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Does Devon Achane, or any running back, make sense for the 49ers in the draft?

The Texas A&M star would fit the offense, but running back isn’t really a need.

Florida v Texas A&M Photo by Tim Warner/Getty Images

Kyle Shanahan has often been unable to stop himself when it comes to running back temptation in the NFL Draft.

Regardless of how many late-round and undrafted free agent backs elsewhere in his offense, the 49ers have continually invested significant resources in a position that is being increasingly devalued by the league.

Case in point, the last two drafts, which have seen the 49ers spend third-round picks on Trey Sermon and Tyrion Davis-Price. Sermon is no longer with the team, and Davis-Price played in just six games as a rookie.

After one miss and another swing that does not look like paying off, could Shanahan have learned his lesson.

Perhaps not, suggests Jordan Reid of ESPN, who in his seven-round mock draft had the 49ers using one of their three third-round picks on Devon Achane, the running back from Texas A&M.

It is a pick that does not appear to make a great deal of sense. The 49ers now have arguably the best running back in football following their blockbuster trade for Christian McCaffrey last season. McCaffrey splits carries with the impressive but oft-injured Elijah Mitchell, San Francisco’s sixth-round pick in 2021, with that duo backed up by a thumper in Jordan Mason, an undrafted free agent last year.

So with all the boxes at the position, is there any need for the 49ers to even consider a running back in the 2023 draft, and is Achane talented enough to merit them targeting him with one of their top-three picks?

Assessing the latter question first, there is little doubt Achane is a ‘Shanahan back’.

He’s a fast back who can easily beat defenders to the edge and displays excellent burst to the second level when hitting the hole.

Achane combines that explosiveness with extremely impressive change of direction quickness. He moves extremely well laterally and shows both fluidity and speed in reverting back to vertical running. He makes fast, agile cuts and can string them together to make several defenders miss.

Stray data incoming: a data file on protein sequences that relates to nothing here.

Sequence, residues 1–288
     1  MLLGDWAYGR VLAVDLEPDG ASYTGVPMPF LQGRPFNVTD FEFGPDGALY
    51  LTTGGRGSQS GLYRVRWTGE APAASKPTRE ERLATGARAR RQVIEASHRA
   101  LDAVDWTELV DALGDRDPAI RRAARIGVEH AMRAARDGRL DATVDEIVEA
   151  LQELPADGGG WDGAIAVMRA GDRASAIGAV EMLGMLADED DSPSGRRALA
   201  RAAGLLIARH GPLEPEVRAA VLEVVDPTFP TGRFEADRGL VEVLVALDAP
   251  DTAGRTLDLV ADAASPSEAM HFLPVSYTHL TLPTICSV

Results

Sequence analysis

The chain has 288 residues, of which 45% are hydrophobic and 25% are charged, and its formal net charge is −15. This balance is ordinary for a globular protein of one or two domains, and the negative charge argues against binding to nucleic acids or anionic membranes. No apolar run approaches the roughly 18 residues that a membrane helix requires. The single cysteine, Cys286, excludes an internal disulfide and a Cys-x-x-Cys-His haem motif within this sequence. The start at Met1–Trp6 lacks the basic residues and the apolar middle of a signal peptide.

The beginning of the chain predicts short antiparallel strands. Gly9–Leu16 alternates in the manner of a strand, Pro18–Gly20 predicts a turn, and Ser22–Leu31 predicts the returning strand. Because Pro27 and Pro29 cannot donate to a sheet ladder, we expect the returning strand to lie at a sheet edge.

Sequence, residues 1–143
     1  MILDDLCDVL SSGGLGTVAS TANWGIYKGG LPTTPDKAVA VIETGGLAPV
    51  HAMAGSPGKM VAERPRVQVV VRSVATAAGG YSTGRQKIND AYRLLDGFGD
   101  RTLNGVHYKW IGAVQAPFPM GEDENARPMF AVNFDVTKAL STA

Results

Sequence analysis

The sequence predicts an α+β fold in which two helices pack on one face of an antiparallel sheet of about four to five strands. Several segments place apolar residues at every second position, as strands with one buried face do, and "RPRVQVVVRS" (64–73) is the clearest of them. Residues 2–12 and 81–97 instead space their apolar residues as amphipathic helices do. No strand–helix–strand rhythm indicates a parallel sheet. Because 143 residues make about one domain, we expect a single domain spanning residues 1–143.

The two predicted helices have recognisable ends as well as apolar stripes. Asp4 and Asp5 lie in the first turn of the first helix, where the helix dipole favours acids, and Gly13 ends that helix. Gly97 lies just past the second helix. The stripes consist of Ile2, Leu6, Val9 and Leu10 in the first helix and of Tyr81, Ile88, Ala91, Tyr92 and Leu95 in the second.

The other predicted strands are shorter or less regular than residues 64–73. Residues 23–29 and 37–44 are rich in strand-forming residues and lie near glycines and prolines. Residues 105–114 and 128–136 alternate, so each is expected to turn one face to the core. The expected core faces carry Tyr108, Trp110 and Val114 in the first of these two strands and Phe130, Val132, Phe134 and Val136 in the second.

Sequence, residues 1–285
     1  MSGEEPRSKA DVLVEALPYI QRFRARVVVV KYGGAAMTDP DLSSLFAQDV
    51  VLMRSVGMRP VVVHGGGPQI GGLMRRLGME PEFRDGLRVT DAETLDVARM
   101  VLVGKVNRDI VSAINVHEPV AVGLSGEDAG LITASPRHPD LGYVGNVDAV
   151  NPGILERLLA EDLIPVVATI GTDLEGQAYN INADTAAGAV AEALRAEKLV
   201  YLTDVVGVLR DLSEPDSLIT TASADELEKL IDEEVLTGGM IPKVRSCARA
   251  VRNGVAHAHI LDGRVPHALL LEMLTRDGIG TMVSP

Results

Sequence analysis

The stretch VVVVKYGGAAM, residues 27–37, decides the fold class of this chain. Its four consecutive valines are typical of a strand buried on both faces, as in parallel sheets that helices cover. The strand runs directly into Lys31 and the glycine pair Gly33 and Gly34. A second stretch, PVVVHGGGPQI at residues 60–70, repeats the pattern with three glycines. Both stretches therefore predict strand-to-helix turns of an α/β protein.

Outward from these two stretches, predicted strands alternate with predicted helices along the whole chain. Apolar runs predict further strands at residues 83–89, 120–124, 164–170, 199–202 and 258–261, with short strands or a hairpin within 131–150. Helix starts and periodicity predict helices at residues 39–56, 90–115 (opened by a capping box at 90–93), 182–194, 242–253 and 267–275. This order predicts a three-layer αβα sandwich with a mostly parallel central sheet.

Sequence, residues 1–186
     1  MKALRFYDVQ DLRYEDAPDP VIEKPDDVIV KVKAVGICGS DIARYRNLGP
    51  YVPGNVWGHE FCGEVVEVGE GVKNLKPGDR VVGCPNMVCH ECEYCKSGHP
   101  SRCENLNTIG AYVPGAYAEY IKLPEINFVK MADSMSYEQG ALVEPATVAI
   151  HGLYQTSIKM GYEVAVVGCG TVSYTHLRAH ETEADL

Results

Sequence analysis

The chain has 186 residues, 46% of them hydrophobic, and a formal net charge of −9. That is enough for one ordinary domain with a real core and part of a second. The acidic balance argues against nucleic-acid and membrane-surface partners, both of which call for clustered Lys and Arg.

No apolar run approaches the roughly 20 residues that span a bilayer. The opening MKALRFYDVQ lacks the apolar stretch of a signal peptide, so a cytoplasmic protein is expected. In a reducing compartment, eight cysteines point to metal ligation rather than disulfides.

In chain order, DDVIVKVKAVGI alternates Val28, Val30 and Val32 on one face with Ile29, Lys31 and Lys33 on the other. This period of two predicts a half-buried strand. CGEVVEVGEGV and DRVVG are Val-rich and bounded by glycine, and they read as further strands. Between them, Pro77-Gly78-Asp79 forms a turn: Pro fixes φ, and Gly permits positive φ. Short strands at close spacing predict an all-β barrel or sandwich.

His elusiveness is paired with surprising contact balance for a back who is a little over 5ft 8in and 188 pounds. Achane regularly falls off arm tackles and can keep his legs churning for extra yardage even when corralled by defenders.

A strong hands-catcher who attacks the ball as a receiver and unexpectedly useful at picking up blitzes, Achane is a well-rounded back, but there are two aspects of his game that would be most enticing to Shanahan.

Achane is experienced in carrying the ball on zone runs and has demonstrated prowess in identifying and decisively hitting the cutback lanes on such rush attempts. He would, therefore, be a natural fit for the 49er offense and would give San Francisco’s run game the home-run hitter it lacks with the 4.3 speed he showcased at the Combine.

But even with the added element of speed to take it the distance from anywhere on the field, it is difficult to see a path to regular carries, at least in the immediate future for Achane.

Though McCaffrey has lost some speed as injuries have taken his toll, he is still a back who can flip the field instantly. Despite his frightening speed, Achane would still represent something of a superfluous addition.

Given the depth the 49ers have in the backfield, that would be the case for most runners in this class.

Yet, there is perhaps a case for adding another thumper into the mix in the later rounds who could prevent McCaffrey and Mitchell from absorbing too much punishment but offer value in the passing game, something Mason does not provide.

Roschon Johnson, Bijan Robinson’s backup at Texas, could be a candidate to fill such a role. At 219 pounds, he is built perfectly to serve as an NFL power back, and his 10-yard split of 1.52 seconds was faster than that of Davis-Price in 2022 (1.54).

Excellent in pass protection and coming off a senior year that saw him average 9.1 yards per reception, Johnson has the physicality and enough upside in the passing game to potentially be a late-round target for a 49ers regime that has continually added to the backfield in part because of the increased injury risk that comes with playing the position.

But it would be a surprise if the Niners were aggressive in pursuing that kind of player.

Indeed, after using much of their capital in this draft to make what has to this point been a hugely successful trade for McCaffrey, this may be a year when the 49ers and Shanahan exercise patience and wait until the very end of the draft or until they can pick from the crop of UDFAs to provide insurance to an area of the team where the deck is already stacked.